Tesla shares didn’t respond well to what the market heard at the long-awaited Battery Day earlier this week, with the stock falling by around 10 per cent, compounded by reported issues with the Tesla network that apparently went down the following day.
Despite the fall in the share price to just above $US380 a share, down from a high of $US450 earlier in the week, Tesla remains by far the most valuable car company in the world (and one of the most valuable tech companies too ), with a near $US400 billion market capitalisation putting its value at more than the next five biggest car makers combined.
Analysts say the stock price fall was due to the fact that many of Tesla’s promised battery day innovations – including a big fall in production and storage costs, and a significant increase in range – would not be delivered for another three years.
“I think it’s fair to say that the timelines announced on Battery Day were disappointing,” said Electrek, one of the most popular website writing about Tesla.
Another leading analyst, Dan Ives from Wedbush, was quoted as saying that the event lacked any news of the million-mile battery which had been “widely expected” by Wall Street and Tesla shareholders.
But other analysts were impressed. One, Adam Jonas from Morgan Stanley, believes that Tesla largely delivered on the hype, and if the long term plans are also delivered, then the stock might be worth three times more than it is now.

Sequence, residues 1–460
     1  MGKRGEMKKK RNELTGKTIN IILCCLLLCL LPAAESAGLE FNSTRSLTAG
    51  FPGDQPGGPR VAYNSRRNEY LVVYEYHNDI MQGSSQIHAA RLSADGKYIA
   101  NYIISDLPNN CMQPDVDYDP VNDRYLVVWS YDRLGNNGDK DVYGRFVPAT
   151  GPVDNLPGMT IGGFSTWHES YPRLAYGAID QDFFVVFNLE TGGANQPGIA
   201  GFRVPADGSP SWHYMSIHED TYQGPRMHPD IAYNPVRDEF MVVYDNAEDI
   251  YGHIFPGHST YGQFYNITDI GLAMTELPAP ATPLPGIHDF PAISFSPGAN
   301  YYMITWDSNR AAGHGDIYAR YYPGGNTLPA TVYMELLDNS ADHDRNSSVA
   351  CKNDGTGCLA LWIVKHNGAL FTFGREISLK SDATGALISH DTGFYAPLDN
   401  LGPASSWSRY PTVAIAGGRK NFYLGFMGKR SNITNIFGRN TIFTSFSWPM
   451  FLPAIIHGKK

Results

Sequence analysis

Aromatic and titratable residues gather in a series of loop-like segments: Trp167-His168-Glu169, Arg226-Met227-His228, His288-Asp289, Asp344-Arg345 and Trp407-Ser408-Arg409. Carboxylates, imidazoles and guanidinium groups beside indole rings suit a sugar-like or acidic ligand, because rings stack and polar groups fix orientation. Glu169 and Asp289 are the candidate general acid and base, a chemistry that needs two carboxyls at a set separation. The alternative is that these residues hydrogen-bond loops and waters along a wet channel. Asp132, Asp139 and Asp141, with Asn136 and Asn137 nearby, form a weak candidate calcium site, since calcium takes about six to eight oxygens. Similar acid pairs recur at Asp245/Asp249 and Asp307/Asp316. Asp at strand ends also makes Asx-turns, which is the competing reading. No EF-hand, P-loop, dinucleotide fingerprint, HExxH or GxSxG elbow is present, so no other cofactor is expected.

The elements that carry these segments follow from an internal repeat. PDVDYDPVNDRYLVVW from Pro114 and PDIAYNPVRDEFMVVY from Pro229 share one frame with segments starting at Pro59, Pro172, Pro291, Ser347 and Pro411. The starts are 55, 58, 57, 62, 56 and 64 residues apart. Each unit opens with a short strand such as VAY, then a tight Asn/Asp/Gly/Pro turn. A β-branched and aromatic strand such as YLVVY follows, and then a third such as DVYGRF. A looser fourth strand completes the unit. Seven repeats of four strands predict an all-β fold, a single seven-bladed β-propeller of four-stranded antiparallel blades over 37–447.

“Tesla’s Battery Day largely lived up to the hype, but didn’t clearly exceed it,” Jonas and his team wrote in a research note.
They noted that the cost reductions – a 56 per cent fall in the cost of cells, and a 69 per cent cut in the cost of investment in battery storage capacity are substantial for the industry.
“Remember, Moore’s Law does not apply to physics and battery chemistry,” it said, in reference to the law that declares that the cost of microchips will halve for every doubling in capacity. It’s a rule that also applies to the solar industry.
Morgan Stanley says the speed of the innovations announced by Tesla – delivering them in three years time, more than three times faster than the industry trend.
“Based on our discussions, investors had largely expected a 50% reduction in cost, terawatt-scale capacity growth, vertical integration, improvements in range/energy density, etc. These were broadly delivered.”
They saw Elon Musk’s presentation as a “call to arms” for governments, suppliers, investors and engineering talent to ‘take it up a notch’ and significantly accelerate policies and investment.
Tesla will need to spend $US50 billion alone to ramp up its battery storage capacity to 3 terrawatt hours by 2030, and the world as a whole will need to invest $US300 billion to take total capacity to 20TWh.
Musk also suggested that Tesla plans to make 20 million electric vehicles by 2030. Morgan Stanley reckons that accounts for all of its previous forecasts for global EV uptake by the end of the decade.
At a value of around $50 a share for each additional unit (EV) above its forecasts, that equates to a potential doubling or a tripling of the share price, the analysts said. All else equal, 20 million units by 2030 could (on paper, at least) justify a doubling or a tripling of the share price.